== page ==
have motivated provincial governments to take an increasingly interventionist approach to post-secondary education.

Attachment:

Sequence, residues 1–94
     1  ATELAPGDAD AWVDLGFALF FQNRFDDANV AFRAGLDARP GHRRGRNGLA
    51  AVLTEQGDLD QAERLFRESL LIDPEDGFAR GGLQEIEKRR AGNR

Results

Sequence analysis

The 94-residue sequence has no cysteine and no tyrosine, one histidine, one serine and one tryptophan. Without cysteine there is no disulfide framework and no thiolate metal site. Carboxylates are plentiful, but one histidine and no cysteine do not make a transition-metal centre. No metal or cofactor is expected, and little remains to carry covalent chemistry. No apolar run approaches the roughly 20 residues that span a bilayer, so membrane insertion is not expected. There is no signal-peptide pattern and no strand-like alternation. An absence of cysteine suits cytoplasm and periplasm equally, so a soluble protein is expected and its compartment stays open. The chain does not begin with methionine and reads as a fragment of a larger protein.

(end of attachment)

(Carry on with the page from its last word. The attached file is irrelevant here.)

Greg used the University of Manitoba ("UofM") case as a cautionary tale of how things can go if the government pursues its goals without fully addressing the challenges. The institution and the University of Manitoba Association ("UMFA") had a history of difficult and positional bargaining and were in the process of negotiating a new collective agreement. During bargaining, a new Conservative provincial government was elected. Management presented a comprehensive offer to the UMFA that included general increases over a four-year term. The offer was rejected by the UMFA, who called a strike vote. In the meantime, the government stepped in and implemented a “pause” in the public sector, mandating a 0% increase for one year while they sorted out their new environment. Further, the government required discussions to be kept confidential, rendering the institution unable to reveal the freeze to the union. The UofM eventually decided that the union needed to know about a change in circumstances arising from the government’s direction. The UMFA went on strike, but after the strike was resolved, filed an unfair labour practice complaint against the University for failing to disclose a material change in circumstances during bargaining in a timely way (i.e. a delay of three weeks). The Labour Board’s decision is still pending.